If we can't do it better, what's the point?
I love Apple. Those of you who know me, know this well. When launch time comes around, I’m always eager to see what’s coming next. One of the things that I love about the Apple approach is that they are always seeking to do better and be the best.
Sometimes, they do something that redefines what good looks like. In 2007, the iPhone didn’t just improve upon existing mobile platforms, it completely transformed the idea of what a mobile platform was and what it could do.
There’s something in the DNA of their organisation that compels them to do something only when they can do it best. Last year, they finally released Apple Music, after an age of speculation that they would move into the music streaming space. They probably could have done it ages ago. But they waited until they could do it best.
They don’t always get it right. The release of Apple Maps in 2012 brought about a landslide of criticism. The motivation behind the product was to move a giant step ahead of Google. Four years later, we can at least have a debate about which mapping platform is better. It’s been a slow and painful process of development, carried out in public.
The motivation to take a quantum leap sometimes means failing hard. But surely, ‘a man’s reach should exceed his grasp, Or what’s a heaven for?’
Do we have this drive to do better, to be the best in public service delivery?
Hedge your bets or raise the stakes?
We are in the middle of bidding season in the employment and skills sectors. Business development teams around the country are preparing their tenders. Are any of them preparing to offer a quantum leap? Something different? Something better? Or is the sector collectively preparing to offer another iteration of the same old, same old?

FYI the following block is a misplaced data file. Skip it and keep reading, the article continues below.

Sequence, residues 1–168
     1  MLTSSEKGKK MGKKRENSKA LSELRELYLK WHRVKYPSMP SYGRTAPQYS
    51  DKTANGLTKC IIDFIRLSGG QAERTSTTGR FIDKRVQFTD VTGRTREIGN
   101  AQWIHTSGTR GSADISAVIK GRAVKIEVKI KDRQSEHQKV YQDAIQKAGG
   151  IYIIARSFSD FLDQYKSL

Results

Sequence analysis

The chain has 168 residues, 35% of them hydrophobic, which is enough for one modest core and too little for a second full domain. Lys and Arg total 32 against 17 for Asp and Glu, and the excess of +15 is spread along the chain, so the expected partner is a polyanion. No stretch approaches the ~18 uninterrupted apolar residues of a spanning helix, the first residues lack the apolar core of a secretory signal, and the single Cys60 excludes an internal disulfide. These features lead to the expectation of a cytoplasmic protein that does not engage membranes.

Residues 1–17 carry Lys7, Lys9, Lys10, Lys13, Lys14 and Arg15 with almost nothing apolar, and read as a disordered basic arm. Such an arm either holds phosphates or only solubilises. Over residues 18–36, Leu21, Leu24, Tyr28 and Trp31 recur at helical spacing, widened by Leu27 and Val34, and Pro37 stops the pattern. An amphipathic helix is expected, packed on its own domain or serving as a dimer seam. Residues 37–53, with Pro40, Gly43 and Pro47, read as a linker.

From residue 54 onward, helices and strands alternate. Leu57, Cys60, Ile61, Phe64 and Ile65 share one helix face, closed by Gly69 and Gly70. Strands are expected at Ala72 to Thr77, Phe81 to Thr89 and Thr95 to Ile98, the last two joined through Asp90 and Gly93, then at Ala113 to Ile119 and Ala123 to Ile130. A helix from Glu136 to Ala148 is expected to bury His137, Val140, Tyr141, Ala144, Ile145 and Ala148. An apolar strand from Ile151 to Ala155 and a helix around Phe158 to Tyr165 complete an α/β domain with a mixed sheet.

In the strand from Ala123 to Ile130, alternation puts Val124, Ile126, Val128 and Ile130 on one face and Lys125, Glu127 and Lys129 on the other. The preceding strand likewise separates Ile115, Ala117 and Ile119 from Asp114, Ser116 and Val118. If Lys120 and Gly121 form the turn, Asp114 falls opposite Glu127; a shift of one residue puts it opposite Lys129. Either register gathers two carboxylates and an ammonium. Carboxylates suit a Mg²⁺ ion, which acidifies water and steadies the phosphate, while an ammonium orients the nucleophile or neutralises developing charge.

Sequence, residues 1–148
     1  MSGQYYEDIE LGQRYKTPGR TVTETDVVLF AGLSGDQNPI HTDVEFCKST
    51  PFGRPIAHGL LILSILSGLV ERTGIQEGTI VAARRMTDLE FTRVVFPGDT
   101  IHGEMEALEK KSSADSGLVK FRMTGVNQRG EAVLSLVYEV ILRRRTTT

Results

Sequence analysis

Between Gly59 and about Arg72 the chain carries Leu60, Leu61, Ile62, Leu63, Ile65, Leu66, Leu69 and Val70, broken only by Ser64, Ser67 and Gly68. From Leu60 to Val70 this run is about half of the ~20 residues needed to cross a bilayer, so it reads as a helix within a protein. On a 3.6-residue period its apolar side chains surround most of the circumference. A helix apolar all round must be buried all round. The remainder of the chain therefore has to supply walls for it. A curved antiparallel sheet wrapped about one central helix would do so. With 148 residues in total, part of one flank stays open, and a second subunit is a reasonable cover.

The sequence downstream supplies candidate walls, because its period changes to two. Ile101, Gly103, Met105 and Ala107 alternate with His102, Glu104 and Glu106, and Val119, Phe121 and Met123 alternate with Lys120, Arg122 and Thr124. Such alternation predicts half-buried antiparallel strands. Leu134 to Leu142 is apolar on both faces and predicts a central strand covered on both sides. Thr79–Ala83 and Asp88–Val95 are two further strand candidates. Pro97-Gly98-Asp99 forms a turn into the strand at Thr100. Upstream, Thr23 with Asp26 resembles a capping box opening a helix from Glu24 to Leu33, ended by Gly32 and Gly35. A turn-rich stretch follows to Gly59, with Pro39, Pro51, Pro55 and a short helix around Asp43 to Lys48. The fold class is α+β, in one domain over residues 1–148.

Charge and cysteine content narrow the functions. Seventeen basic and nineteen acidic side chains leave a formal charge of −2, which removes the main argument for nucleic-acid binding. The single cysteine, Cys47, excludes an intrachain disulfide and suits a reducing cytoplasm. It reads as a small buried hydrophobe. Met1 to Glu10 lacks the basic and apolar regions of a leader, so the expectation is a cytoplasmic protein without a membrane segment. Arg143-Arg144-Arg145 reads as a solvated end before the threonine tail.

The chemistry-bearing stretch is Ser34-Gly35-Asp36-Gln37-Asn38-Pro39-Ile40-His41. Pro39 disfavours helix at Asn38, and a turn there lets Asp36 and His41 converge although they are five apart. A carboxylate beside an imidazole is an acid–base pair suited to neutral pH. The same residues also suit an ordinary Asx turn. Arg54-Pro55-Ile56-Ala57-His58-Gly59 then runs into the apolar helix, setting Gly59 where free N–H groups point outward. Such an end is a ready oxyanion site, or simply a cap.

Not too long ago, I was sitting in a project board meeting for a client, discussing their performance offer for an upcoming tender. All of the relevant data was being considered: 1) comparative competitor performance 2) comparative in-house performance 3) commissioner expectations 4) operational resourcing 5) local labour market factors 6) characteristics of target customers, and so on. Senior business development, financial and operational people were all taking part.
I’ve sat in countless similar meetings over the years. I’ve watched them slowly run out of ambition and get embedded in messy compromise. Despite all of the best intentions of the people in the room, they can become an exercise in bet-hedging. We focus on what we’ve done before and what we are currently delivering. We obsess over what our competition might offer. Dare we match it? They couldn’t deliver that. Could we? Does it matter? They’ll still win if they offer it.
Discussions like this sap momentum and kill vision. My interjection into the conversation at this point was pretty simple. Two questions:
If you are developing or delivering public services – be that an employment programme, skills provision, an offender rehabilitation service, a family intervention programme or whatever – I’d pose those two questions to you as well.
The numbers matter
I’ve been accused before (by people who weren’t hitting their numbers!) of putting too much emphasis on the numbers. My answer to that is that, in our line of work, the numbers are people. So the bigger the numbers, the more people we help, the more lives we change, the more social impact we make. Why should the government who buys, the taxpayers who pay and the citizens that use our services expect anything less?
If we can’t do it better, what’s the point?
What’s stopping your organisation from offering – and delivering – a step change?
Are you prepared to reach high and fail hard?
What can you do today to take a stand and insist on the very best for the people we serve?
Executive Director, ThinkWinDo